Clerodendrum thomsoniae

bleeding glorybower vine


Clerodendrum thomsoniae

Balf.f. 1862

pronounced: kler-oh-DEN-drum tom-SOH-nee-ay

(Lamiaceae — the lavender family)


common names: bleeding glorybower vine, bleeding heart vine

Clerodendrum comes from two Greek words, κληρος (kléros), fate, or chance, and δενδρον (dendron), a tree. Thomsoniae was named for the Reverend William Cooper Thomson. I have not been able to find out the actual years of his birth and death, but they are pre-1820 to post-1880. He was a missionary and a physician in Nigeria for the Church Missionary Society from 1838 to 1840, and possibly longer. This plant was very popular in the mid-19th century (when it was known as ‘beauty bush’), then went out of favour, and has now staged a come-back.

The species is native to tropical West Africa. It is an evergreen, sprawling, vine-like shrub, whose stems can be anything up to 5 m long; they can climb without tendrils, suckers or root hairs, by twining through and around a support.

The ovate to oblong leaves are large, up to about 18 cm in length, and are arranged opposite to each other along the stems. They are glabrous, entire, and have strong veins.

Through the summer, panicles of between 5 and 20 showy red and white flowers are produced. The individual flowers are about 2.5 cm in diameter, bell-shaped with white (occasionally pale purple) 5-lobed calyces and crimson red petals. As is typical of the Clerodendra, the flowers have 4 stamens and a style that extend out beyond the petals. Long after the red petals have disappeared, the white calyces remain, as can be seen from the photograph of a plant that has almost finished its flowering season.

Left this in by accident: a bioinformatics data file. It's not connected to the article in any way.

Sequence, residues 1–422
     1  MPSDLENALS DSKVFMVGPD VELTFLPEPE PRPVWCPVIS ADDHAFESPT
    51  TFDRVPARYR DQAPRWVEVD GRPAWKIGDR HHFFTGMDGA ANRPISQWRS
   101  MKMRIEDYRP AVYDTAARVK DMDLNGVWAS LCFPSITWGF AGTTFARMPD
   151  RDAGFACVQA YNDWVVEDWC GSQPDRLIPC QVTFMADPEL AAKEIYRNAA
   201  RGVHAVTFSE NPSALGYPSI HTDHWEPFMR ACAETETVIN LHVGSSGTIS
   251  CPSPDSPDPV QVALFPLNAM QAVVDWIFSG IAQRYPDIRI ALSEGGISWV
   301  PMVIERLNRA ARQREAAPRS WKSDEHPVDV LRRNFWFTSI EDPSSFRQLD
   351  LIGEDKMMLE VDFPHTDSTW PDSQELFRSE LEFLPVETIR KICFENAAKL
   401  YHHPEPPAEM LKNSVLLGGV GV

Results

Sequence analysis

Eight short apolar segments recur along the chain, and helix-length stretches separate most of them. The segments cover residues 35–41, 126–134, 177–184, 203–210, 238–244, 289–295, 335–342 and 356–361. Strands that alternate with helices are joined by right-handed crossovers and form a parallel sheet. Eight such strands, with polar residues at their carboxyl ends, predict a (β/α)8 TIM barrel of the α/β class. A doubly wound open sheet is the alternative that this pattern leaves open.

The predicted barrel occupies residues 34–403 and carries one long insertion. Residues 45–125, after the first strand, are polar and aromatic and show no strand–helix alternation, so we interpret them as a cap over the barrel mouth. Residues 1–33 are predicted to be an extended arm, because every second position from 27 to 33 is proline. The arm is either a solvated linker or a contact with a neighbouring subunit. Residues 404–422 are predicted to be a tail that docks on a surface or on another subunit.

Inedible black and orange-red berries are produced, with black seeds.
In some regions the plant has escaped from cultivation and become naturalized.

This is an excellent plant for a tub or a hanging basket. It can be kept pruned into a shrub, or given support and be allowed to scramble. It does not spread as much as some (e.g. Clerodendrum splendens), so it is a good choice for a restricted site; it is not such a good plant if it is desired to cover a fence or an arbor. It needs to be kept moist but not exceedingly wet, with plenty of good light. It seems to give best results with morning sun and afternoon shade. Since it blooms on new growth, it should be cut back after blooming. It is usually propagated by cuttings, but it is possible to grow it from seed, or by layering, or by replanting suckers. Quickest results can be obtained from root cuttings taken in winter.


Photographs taken in Picnic Bay 2009, 2011
Page last updated 13th November 2018